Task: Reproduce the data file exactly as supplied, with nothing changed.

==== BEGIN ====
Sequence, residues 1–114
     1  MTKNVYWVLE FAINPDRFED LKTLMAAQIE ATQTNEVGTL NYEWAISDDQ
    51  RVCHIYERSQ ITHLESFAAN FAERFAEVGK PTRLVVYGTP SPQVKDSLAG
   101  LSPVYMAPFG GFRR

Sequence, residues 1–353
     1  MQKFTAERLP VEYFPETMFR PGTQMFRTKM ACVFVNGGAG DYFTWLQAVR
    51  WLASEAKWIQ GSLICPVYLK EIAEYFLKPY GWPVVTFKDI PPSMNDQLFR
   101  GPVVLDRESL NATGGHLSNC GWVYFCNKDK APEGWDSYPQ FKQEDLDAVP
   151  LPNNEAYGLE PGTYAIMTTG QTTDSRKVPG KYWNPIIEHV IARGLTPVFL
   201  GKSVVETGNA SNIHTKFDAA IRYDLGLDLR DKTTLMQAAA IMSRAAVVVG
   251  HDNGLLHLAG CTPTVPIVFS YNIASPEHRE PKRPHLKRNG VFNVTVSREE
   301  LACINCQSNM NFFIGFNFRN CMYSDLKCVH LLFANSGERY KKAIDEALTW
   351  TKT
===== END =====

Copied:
Sequence, residues 1–114
     1  MTKNVYWVLE FAINPDRFED LKTLMAAQIE ATQTNEVGTL NYEWAISDDQ
    51  RVCHIYERSQ ITHLESFAAN FAERFAEVGK PTRLVVYGTP SPQVKDSLAG
   101  LSPVYMAPFG GFRR

Sequence, residues 1–353
     1  MQKFTAERLP VEYFPETMFR PGTQMFRTKM ACVFVNGGAG DYFTWLQAVR
    51  WLASEAKWIQ GSLICPVYLK EIAEYFLKPY GWPVVTFKDI PPSMNDQLFR
   101  GPVVLDRESL NATGGHLSNC GWVYFCNKDK APEGWDSYPQ FKQEDLDAVP
   151  LPNNEAYGLE PGTYAIMTTG QTTDSRKVPG KYWNPIIEHV IARGLTPVFL
   201  GKSVVETGNA SNIHTKFDAA IRYDLGLDLR DKTTLMQAAA IMSRAAVVVG
   251  HDNGLLHLAG CTPTVPIVFS YNIASPEHRE PKRPHLKRNG VFNVTVSREE
   301  LACINCQSNM NFFIGFNFRN CMYSDLKCVH LLFANSGERY KKAIDEALTW
   351  TKT